“’The Lady’? I don’t understand.”
“Let us deal with this man first,” said Mare, “and get away from Her, and then I will tell you.”
“She is old, very old,” said Mare, “and very hungry.” Terrick was tied to a tree. Mare had explained conscientiously that he would not be left there long—the Blind Eye would be sure to follow his trail when he did not return to the city. “So he won’t,” she had said, “die of exposure or hunger here.” Weiss would’ve muttered something to the effect of ‘better if he did’ but Mare’s voice leaned shame on his.
Now, looking back to the mountain, Mare told him of Tirsin, the name of the mountain and the name of she who lived inside the mountain, which in the old tongue meant ‘Weight’. She was a dragon of the old kind, wingless and blind, stirring up the stones, humming with fire. An open maw, waiting for souls to stumble in, or be stumbled. All this Mare explained in a few vivid strokes that left Weiss breathless with his narrow escape, and trembling with his weariness.
“But how did you find me?” he asked then.
“Though Aiken may be full of people who wish you off your path,” said Mare, “Elionae’s wish is for you to go on, and he is not easily gainsaid. I chanced to see you as I was leaving the village, up on the ridge as you followed that man.” And ran all the way up, thought Weiss, disgusted with himself. He was weary and weak, but Mare had seemed strong before. Now she, too, walked with a leaden step, and there was a long, shallow cut along her arm. She would not let Weiss look at it.
“The Blind Eye are tailing us now. I have one more village to go to, and I cannot stop. When I am safe in the stronghold they will treat it; it isn’t deep. As for you, make all speed for the pass, and beyond it—“ she pointed to his map markedly, that, he supposed, he might not yet again part from the way—“Caethron.”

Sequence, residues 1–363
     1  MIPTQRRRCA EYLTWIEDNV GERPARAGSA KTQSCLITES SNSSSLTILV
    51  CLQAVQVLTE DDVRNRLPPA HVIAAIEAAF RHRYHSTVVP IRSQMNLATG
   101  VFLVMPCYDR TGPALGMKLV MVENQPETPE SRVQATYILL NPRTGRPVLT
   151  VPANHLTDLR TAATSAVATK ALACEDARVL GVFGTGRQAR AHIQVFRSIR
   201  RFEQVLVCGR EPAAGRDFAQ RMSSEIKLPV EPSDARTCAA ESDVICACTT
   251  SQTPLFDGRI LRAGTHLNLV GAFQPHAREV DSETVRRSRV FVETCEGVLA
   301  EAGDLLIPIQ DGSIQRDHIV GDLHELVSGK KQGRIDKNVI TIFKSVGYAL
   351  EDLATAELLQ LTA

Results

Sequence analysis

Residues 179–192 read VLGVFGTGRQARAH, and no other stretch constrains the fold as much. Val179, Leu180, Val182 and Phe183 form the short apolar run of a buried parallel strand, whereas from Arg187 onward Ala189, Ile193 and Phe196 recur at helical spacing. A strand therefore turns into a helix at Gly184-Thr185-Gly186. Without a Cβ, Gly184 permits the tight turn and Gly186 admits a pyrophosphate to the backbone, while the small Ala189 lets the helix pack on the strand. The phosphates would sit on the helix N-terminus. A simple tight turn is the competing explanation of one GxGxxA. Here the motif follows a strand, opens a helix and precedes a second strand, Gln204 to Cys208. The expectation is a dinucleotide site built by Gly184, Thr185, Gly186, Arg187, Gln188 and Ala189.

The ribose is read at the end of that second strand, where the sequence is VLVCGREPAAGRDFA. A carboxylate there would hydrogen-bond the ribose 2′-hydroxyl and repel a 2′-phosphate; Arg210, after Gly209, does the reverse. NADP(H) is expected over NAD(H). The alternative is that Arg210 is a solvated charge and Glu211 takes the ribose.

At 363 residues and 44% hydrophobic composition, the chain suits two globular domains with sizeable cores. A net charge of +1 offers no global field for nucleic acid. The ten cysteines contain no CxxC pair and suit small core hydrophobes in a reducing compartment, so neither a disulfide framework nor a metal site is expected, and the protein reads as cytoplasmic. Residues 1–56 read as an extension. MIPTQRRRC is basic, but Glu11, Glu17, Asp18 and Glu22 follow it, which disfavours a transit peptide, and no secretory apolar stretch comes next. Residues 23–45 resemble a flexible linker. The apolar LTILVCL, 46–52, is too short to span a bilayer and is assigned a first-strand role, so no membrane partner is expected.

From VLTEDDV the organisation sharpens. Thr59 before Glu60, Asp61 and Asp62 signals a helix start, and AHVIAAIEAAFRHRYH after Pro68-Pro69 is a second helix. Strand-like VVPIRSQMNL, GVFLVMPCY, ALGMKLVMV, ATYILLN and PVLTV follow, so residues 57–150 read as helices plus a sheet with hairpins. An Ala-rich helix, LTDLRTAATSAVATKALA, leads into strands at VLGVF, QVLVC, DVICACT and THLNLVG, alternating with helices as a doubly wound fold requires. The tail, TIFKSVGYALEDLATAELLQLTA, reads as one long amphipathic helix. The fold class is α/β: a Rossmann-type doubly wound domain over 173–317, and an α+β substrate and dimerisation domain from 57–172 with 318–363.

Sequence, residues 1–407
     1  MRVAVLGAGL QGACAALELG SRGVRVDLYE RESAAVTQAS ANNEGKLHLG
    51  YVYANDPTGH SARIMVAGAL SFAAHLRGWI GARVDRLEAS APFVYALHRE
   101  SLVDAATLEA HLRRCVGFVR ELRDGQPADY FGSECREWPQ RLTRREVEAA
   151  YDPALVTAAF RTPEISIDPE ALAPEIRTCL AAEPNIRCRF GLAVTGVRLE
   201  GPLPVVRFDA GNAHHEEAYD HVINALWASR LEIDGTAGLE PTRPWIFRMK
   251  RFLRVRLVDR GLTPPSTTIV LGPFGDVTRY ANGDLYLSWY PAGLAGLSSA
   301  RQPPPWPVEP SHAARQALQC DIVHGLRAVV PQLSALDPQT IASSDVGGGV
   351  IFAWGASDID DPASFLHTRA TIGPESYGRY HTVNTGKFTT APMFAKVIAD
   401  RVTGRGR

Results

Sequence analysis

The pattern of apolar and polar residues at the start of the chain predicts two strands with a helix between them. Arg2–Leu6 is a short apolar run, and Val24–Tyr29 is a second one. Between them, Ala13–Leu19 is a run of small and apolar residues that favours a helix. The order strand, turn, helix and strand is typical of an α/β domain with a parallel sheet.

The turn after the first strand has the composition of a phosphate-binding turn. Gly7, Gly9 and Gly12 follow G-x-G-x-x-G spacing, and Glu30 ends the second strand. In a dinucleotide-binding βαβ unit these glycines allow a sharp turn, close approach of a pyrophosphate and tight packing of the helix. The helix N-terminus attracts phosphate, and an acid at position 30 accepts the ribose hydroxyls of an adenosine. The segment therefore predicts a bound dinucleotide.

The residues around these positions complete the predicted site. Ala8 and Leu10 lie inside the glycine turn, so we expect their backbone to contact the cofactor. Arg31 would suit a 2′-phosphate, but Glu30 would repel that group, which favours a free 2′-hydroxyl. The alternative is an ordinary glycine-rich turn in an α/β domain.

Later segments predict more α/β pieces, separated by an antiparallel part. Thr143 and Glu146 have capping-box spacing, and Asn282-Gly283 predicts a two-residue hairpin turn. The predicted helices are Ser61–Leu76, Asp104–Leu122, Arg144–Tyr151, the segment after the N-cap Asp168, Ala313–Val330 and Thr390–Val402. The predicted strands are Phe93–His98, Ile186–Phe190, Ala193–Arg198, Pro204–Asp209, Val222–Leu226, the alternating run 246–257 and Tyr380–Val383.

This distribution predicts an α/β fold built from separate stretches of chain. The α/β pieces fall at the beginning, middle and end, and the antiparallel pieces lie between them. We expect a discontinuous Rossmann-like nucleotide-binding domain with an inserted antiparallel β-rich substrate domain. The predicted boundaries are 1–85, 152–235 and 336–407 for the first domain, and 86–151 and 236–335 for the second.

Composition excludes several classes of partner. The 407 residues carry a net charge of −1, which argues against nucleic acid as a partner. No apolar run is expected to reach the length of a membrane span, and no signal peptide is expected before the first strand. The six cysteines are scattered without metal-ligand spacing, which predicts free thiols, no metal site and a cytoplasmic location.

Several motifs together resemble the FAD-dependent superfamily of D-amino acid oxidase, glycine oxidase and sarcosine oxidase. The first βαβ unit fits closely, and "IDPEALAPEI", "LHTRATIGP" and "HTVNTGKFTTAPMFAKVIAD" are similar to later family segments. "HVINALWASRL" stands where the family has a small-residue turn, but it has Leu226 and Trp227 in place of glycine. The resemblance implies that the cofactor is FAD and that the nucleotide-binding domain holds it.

Aldous passed the afternoon peacefully in Cressus’ room at the Ravenshead Inn. The noises of the Racketeer’s Quarter—horses, bartering, coming-and-goings—were very different from the noises of the Queen’s Quarter where Aldous lived, where quiet murmurs prevailed, punctuated only by the marching boots of the Geridspolice.
She had spent the afternoon copying leaflets for Cressus in her precise, sloping hand. It pleased her that there was something she could do for him, so much so that she did not take much notice of the words she was copying. Precise, sloping hateful words about the Throns, precise, sloping sneers at the Queen, at the police for their lack of action. She savoured the rhythm of the quill and the ink and the scratch on the paper, and as dusk began to settle, Cressus came in and kissed her shoulder. He pulled her upright as she turned to kiss his mouth, and for a moment she was lost in that tangle, but then he said abruptly,
“Terrick hasn’t returned.”
“Weiss wouldn’t…” she said at once, and then stopped because she didn’t, after all, really know what Weiss would or wouldn’t do. Brother and stranger. “So what happens next?” she said instead.
“Vana and I will go find him and see what’s happened.”
“Why Vana?” It had come out as more of a whine than she’d intended, but she didn’t trust Vana.
“Because if Weiss did overpower Terrick, he may not have been alone. I’ll be with her,” said Cressus, lifting Aldous’ chin to meet her eyes. “I won’t let her hurt him.”
“Very well,” replied Aldous. His eyes on hers had bloomed a sudden purpose in her chest. “But I will be with you as well.”
And so it was that she found herself on horseback, with a black cloak and knife in her belt, riding between Vana and Cressus out into the marshes that rustled their dark secrets under the arch of the stars.